Jon Teitel's Coaching Greats: Lamar, Oklahoma and TCU's Billy Tubbs

    
April 25th, 2012

In the most recent installment in his "Coaching Greats" interview series CHN's Jon Teitel caught up with Billy Tubbs, who led three different schools to the NCAA tournament during his career. At TCU Tubbs won 156 games, leading the Horned Frogs to their last NCAA appearance (1998) during his time in Fort Worth. Also to his credit are multiple tournament appearances at both Lamar and Oklahoma, losing to Kansas in the 1988 national title game when at OU. 

Jon Teitel: You were an All-American guard at Lon Morris JC, where you helped the Bearcats to the NJCAA semifinals. How good a player were you back then? 

Billy Tubbs: I was an okay player who played on some good teams. I also played at Lamar where I was an average player at best. 

1979 NCAA tournament (head coach at Lamar)

JT: Clarence Kea had 33 points and a tournament school-record 19 rebounds in 33 minutes in an eight-point upset of Detroit. What made Kea so unstoppable? 

BT: He was a real tough kid who played hard.  He was an undersized post man but was physically and mentally strong. 

JT: Magic Johnson had a triple-double (13 points, 17 rebounds and ten assists) in a win by eventual champion Michigan State. Could you tell at the time that Magic was going to become a star? 

BT: Magic was an All-American that year and it was quite obvious that he was a special player. 

1980 NCAA tournament

JT: Mike Olliver had a tournament school-record 37 points in a one-point win over Weber State on its home court. How much of a home-court advantage did the Wildcats have, and how were you able to hang on for the win? 

BT: Anytime you are playing a ranked team on their home floor it is a big advantage for them, but our guys accepted the challenge.  We had a big lead and barely hung on to win the game, which helped us in the next game.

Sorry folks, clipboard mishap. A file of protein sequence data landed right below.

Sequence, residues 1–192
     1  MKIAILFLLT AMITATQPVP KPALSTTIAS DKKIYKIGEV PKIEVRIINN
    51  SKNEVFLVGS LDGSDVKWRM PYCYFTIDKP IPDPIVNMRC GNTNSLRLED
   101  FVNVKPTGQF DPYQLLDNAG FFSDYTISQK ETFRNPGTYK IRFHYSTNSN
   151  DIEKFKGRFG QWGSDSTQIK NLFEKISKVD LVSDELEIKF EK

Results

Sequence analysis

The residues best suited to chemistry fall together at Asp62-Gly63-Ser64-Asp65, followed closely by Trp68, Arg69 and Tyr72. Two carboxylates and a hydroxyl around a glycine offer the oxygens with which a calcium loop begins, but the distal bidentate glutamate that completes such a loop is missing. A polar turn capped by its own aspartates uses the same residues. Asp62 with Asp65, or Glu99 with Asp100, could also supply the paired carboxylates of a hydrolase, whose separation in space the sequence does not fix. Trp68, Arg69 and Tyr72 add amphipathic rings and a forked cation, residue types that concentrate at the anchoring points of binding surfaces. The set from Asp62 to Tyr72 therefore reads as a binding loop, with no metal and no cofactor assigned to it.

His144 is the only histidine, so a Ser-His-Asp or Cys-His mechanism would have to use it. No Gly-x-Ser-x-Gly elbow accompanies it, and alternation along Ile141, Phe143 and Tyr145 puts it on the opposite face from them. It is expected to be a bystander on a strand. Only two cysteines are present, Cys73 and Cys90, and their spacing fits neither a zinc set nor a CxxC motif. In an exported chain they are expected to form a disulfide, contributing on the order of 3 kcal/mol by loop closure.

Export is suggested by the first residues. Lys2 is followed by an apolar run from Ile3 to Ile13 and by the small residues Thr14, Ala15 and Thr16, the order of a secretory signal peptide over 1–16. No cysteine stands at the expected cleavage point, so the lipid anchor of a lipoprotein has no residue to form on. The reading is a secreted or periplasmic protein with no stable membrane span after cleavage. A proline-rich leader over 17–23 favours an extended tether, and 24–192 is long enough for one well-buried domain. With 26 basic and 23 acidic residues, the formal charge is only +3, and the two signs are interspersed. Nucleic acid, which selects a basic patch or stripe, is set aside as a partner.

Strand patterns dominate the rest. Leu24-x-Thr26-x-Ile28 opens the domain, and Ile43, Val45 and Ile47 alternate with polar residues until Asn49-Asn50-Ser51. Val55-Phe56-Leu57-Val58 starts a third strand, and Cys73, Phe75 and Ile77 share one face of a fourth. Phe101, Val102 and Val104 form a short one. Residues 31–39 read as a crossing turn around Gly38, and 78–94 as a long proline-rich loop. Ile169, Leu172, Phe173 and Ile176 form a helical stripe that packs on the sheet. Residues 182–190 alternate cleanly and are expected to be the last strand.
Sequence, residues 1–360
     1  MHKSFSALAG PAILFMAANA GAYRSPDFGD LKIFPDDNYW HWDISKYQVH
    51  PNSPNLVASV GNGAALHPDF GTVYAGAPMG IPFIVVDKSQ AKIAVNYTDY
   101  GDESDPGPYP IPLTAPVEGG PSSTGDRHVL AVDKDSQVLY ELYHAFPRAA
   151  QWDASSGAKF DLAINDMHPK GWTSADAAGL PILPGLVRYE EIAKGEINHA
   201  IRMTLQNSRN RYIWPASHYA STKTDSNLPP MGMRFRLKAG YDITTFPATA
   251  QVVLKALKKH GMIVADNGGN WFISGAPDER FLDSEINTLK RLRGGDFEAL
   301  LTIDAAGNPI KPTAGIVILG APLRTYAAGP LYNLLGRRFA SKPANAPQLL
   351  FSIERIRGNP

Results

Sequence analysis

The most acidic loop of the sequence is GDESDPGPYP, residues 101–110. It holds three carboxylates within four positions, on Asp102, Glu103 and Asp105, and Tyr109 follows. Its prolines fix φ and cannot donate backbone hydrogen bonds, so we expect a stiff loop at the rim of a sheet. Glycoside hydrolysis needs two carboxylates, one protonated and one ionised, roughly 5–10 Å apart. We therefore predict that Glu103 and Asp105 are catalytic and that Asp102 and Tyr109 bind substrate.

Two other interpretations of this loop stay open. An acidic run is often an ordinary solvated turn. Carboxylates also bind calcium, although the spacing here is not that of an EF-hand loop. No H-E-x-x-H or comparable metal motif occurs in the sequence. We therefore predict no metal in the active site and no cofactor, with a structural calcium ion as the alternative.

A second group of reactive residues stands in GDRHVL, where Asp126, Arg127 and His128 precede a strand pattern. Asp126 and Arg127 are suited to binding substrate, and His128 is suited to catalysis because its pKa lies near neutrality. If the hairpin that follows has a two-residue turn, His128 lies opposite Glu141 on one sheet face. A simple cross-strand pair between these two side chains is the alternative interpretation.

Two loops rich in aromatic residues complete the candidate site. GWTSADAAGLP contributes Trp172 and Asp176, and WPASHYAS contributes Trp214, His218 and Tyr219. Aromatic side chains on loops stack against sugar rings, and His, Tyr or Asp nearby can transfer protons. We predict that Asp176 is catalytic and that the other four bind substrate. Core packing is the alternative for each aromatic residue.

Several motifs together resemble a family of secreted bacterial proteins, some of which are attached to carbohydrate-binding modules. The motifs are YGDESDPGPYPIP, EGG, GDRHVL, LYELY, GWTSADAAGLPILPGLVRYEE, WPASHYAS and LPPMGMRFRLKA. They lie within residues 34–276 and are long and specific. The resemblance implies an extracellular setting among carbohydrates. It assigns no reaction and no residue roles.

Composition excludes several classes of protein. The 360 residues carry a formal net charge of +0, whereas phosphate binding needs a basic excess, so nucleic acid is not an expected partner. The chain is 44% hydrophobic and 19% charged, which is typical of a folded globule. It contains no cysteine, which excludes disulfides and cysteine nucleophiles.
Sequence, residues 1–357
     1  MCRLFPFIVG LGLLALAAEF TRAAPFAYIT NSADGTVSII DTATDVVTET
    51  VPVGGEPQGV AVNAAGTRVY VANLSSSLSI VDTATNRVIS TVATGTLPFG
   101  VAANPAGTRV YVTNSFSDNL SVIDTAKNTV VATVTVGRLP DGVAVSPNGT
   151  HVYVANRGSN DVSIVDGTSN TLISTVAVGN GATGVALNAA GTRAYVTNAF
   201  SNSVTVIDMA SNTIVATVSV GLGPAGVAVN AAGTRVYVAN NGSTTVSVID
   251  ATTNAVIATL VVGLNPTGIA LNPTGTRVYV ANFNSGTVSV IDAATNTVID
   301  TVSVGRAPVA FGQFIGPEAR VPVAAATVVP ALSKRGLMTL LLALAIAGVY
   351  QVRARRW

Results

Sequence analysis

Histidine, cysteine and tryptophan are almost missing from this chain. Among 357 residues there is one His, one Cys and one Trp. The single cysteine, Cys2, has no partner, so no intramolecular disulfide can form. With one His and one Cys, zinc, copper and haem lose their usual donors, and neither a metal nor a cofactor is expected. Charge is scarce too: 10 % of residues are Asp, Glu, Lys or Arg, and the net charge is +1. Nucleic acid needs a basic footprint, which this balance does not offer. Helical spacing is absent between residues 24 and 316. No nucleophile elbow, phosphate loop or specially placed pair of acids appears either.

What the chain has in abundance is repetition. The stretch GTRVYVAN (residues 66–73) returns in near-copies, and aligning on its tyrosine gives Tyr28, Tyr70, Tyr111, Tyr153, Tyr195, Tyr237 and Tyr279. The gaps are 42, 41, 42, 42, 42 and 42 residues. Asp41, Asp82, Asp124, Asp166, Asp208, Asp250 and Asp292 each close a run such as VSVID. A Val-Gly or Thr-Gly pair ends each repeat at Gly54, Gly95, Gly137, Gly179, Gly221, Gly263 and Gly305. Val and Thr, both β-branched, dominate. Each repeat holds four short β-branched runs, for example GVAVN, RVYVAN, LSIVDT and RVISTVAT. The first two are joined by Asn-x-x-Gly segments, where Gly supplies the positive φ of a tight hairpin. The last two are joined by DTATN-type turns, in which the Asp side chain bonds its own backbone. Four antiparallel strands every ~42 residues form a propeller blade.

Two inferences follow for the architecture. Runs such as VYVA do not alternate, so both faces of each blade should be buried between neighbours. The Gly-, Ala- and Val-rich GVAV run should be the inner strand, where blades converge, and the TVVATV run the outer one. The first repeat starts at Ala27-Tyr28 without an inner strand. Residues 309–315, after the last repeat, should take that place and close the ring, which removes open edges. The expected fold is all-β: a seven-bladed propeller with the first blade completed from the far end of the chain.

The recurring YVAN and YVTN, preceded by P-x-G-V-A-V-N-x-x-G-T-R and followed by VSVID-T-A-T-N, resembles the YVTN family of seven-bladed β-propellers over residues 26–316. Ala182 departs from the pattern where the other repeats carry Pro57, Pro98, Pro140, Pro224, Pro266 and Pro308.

JT: Cestrakiah Lewis had 11 points and 11 rebounds in a four-point win over Oregon State, which is still the highest-ranked Division I team ever beaten by Lamar. Where does that win rank among the best in your career? 

BT: That has to be one of the highlights, without question. 

JT: In 1983 after becoming coach at Oklahoma you spent two weeks in intensive care after being hit by a car. How close did you come to dying, and what impact did that incident have on your life (if any)? 

BT: I had a severe concussion and some pelvic injuries so I missed the last several games of the season.  Many people thought that I would never coach again, but I was able to prove that I could make it back to the sideline. 

JT: What are your memories of the 1984 NCAA tournament (Roosevelt Chapman scored 41 points in 40 minutes in a four-point Dayton upset victory)? 

BT: We played pretty well but just could not stop Chapman.  We had a first-round bye which is something I never wanted because they often led to upsets. 

1985 NCAA tournament (at Oklahoma)

JT: Karl Malone had 20 points and 16 rebounds, but Wayman Tisdale made a turn-around eight-foot shot that bounced several times on the rim before going in with three seconds left in a two-point win over Louisiana Tech. Did you think that Tisdale's shot was going in, and was it extra-special to beat Coach Andy Russo after he said you reneged on a contract to play the first-ever game in Louisiana Tech's new arena three years before? 

BT: Russo and I had played against each other back in college but the special thing was just to win the game.  The fact that the shot rolled around the rim for a couple of seconds really helped us because Louisiana Tech did not have a chance to come down the court and respond. 

JT: Keith Lee had 23 points and 11 rebounds in a two-point Memphis victory. How close did you come to winning that game? 

BT: It could have gone either way at the end but Memphis made plays and we did not. 

1987 NCAA tournament

JT: Tim McCalister had 28 points in a three-point win over Pittsburgh after Demetreus Gore and Jerome Lane each missed three-point shots in the final seconds. Did you think that you were headed to overtime? 

BT: I just remember beating them. It was kind of an upset. 

JT: Kevin Gamble had a career-high 26 points (11-13 FG) and made a 21-foot shot with two seconds left in a two-point overtime win by Iowa. Where does Gamble's shot rank among the most clutch you have ever seen?